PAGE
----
Dr. Elliott, my Conan O’Brien look-a-like urologist who wears a boy-tie, and his “under doctor,” the student doc who observes and learns from the “master” (Dr. Elliott is considered one of the best urologists in Minnesota), who looks like a sexy heterosexual version of Zachary Quinto, were definitely one of the highlights of my bladder cystoscopy/botox injection/biopsy procedure last Friday.
See, I’ve always been a girl who looks on the bright side of things. When you’re in a crappy situation that cannot be avoided, ie, a cysto caused by a neurogenic bladder, there aren’t many options worth talking about, but there is one that can help you through it – looking at the positives that still exist.
Some people think of this as grasping at straws, but really it’s just the smart thing to do. Having a disability can try you. Coping smartly is huge. And believe me when I say this – looking at the positives isn’t just “positive,” it’s the logical next step.
And so I tallied the positives: My doctors were hot and fascinating, the painkillers were delightful, the procedure didn’t require me to stay overnight, and the best part – the procedure was successful. The 8 hours of crappiness were 100% worth it. And on a side-note: Botox injections in the bladder are awesome.
Also, do what I do – bring items that make you the happiest – your own pillow, an eye mask, your favorite drink (I bring warm water in a mug), a book you actually like to read. Phone service isn’t always guaranteed; especially if you’re in the OR area. Waiting un-entertained is the first thing you want to avoid of when you’re at the hospital.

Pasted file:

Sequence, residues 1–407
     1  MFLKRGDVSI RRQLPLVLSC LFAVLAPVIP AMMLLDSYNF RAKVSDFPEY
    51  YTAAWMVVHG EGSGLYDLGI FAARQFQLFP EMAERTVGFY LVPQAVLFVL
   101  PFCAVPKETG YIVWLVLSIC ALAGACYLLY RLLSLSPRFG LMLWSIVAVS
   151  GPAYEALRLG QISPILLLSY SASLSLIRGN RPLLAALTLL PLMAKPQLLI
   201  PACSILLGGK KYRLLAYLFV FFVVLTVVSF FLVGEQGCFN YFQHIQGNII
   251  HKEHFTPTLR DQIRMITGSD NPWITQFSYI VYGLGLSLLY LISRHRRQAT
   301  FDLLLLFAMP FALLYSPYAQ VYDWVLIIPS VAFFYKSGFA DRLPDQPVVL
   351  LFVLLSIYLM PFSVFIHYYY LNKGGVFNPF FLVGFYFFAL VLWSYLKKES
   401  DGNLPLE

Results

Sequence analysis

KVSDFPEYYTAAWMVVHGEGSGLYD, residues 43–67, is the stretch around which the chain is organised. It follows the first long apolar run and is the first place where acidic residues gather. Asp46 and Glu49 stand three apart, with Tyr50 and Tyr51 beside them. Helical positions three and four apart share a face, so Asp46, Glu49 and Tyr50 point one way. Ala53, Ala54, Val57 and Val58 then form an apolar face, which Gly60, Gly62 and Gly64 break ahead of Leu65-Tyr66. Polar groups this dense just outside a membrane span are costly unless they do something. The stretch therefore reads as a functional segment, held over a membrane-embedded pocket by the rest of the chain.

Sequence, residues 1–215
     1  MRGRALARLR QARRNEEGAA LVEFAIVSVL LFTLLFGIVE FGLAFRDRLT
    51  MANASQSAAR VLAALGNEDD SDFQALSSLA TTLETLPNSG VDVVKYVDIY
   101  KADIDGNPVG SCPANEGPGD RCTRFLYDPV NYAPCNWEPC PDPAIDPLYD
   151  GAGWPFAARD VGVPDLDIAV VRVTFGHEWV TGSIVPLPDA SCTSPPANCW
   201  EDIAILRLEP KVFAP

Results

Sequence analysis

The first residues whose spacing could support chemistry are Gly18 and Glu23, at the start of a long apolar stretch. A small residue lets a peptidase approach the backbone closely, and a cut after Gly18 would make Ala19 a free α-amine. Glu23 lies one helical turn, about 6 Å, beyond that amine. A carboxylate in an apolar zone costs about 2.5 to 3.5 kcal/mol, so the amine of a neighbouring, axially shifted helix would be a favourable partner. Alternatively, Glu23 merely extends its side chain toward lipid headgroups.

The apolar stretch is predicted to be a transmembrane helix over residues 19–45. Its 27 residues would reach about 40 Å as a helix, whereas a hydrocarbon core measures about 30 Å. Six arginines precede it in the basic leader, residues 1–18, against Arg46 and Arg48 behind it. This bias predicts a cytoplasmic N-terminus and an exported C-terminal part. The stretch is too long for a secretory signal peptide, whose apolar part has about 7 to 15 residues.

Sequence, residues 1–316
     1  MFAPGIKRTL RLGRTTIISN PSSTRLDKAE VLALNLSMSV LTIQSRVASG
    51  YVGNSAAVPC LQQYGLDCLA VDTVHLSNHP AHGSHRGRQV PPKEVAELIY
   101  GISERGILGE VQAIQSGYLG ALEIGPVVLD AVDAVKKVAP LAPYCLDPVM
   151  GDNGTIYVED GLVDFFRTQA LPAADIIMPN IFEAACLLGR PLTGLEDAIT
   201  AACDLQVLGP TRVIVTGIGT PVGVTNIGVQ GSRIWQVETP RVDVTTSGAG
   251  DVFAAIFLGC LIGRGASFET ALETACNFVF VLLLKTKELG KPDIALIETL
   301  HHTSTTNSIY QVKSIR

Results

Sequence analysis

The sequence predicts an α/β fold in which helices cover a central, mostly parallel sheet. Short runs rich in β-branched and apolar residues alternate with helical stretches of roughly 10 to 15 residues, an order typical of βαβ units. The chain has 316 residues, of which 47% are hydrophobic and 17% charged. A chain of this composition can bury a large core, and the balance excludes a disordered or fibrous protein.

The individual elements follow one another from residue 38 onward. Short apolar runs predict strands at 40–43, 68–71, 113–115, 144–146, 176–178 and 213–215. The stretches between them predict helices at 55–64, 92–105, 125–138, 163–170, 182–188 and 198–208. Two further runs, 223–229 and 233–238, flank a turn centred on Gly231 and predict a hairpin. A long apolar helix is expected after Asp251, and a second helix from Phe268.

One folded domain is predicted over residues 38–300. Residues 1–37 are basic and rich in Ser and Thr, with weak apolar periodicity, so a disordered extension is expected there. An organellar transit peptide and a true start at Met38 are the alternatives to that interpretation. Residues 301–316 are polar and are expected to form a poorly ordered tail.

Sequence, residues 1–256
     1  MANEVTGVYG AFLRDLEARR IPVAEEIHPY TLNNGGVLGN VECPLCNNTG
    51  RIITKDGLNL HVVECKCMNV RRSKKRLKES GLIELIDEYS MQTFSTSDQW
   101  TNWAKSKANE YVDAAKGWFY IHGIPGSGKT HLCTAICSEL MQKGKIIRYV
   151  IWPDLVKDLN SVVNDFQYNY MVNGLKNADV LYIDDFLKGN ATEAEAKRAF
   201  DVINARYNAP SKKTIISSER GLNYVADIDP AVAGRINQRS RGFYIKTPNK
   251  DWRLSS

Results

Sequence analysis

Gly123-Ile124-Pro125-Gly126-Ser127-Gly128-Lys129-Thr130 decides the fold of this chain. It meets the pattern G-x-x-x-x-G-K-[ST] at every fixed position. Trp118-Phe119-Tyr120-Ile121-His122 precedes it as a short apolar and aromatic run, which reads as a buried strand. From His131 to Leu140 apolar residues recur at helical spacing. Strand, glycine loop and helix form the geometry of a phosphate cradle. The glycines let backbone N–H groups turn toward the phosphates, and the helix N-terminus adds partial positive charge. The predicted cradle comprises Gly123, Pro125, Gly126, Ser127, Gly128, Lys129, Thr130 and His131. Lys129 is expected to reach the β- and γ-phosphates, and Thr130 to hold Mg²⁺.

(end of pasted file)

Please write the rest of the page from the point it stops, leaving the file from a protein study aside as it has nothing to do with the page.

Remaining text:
Another item I keep close at hand in an overnight situation is my laptop – my window to the world. But you can’t always trust the staff. Having the computer in a case locked up tight near you is a must. And I bring my neck warmer; my old lady creature comfort that really is one of the best physical pleasures I still have. Hopefully a microwave will be at the nurse’s station if this is you.
You also need to keep it simple, so in effect, these are all of my must-haves in a nutshell. I’ve figured out my favorites, and I stick with those. As long as I have my must-haves, nothing can bug me when I’m there, except a really crappy nurse of course.
And they’ll never make me love the hospital, but they do help me feel like I have some control of the situation, and as we all know, having some kind of control is one of the most powerful weapons you can have when facing something you have no choice but to confront.
I hope…I hope one day visiting the hospital frequently enough to be familiar with all of this won’t be as necessary in my life, but in the meantime, I plan on taking a proactive approach to ensuring my happiness in every medical situation as much as possible…Gold help me so.
How do you cope at the hospital?
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